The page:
Statistical validation of limiting similarity and negative co-occurrence null models : Extending the models to gain insights into sub-community patterns of community assembly
Competition between species is believed to lead to patterns of either competitive exclusion or limiting similarity within ecological communities; however, to date the amount of support for either as an outcome has been relatively weak. The two classes of null model commonly used to assess co-occurrence and limiting similarity have both been well studied for statistical performance; however, the methods used to evaluate their performance, particularly in terms of type II statistical errors, may have resulted in the underreporting of both patterns in the communities tested. The overall purpose of this study was to evaluate the efficacy of the negative co-occurrence and limiting similarity null models to detect patterns believed to result from competition between species and to develop an improved method for detecting said patterns. The null models were tested using synthetic but biologically realistic presence-absence matrices for both type I and type II error rate estimations. The effectiveness of the null models was evaluated with respect to community dimension (number of species × number of plots), and amount of pattern within the community. A novel method of subsetting species was developed to assess communities for patterns of co-occurrence and limiting similarity and four methods were assessed for their ability to isolate the species contributing signal to the pattern. Both classes of null model provided acceptable type I and type II error rates when matrices of more than 5 species and more than 5 plots were tested. When patterns of negative co-occurrence or limiting similarity were add to all species both null models were able to detect significant pattern (β > 0.95); however, when pattern was added to only a proportion of species the ability of the null models to detect pattern deteriorated rapidly with proportions of 80% or less. The use of species subsetting was able to detect significant pattern of both co-occurrence and limiting similarity when fewer than 80% of species were contributing signal but was dependent on the metric used for the limiting similarity null model. The ability of frequent pattern mining to isolate the species contributing signal shows promise; however, a more thorough evaluation is required in order to confirm or deny its utility.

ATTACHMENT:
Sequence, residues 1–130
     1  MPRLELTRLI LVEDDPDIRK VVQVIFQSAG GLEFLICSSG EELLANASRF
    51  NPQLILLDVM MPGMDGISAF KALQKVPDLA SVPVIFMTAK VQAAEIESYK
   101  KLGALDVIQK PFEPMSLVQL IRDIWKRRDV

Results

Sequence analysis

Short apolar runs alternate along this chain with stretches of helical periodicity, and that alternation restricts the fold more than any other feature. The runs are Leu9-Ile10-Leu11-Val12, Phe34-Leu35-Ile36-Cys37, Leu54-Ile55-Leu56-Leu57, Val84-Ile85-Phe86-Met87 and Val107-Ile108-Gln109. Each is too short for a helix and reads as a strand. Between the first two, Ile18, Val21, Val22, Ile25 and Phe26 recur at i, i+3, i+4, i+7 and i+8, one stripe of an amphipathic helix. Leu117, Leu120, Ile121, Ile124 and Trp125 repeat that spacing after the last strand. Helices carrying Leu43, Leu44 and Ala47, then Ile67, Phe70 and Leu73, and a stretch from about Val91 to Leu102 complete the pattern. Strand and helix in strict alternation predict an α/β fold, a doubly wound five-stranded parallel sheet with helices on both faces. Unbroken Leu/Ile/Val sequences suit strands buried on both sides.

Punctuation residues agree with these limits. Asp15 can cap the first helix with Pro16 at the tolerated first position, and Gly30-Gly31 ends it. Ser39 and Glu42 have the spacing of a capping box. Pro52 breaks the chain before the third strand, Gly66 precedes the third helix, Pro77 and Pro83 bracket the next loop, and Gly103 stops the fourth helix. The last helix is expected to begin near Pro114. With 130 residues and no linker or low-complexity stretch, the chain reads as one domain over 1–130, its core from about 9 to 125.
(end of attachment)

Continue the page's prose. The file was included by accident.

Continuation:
DegreeMaster of Science (M.Sc.)
SupervisorLamb, Eric G.; Schamp, Brandon S.
CommitteeWillenborg, Chris J.; McLoughlin, Philip D.; Bai, Yuguang
Copyright DateSeptember 2014
negative species associations
Type II error rate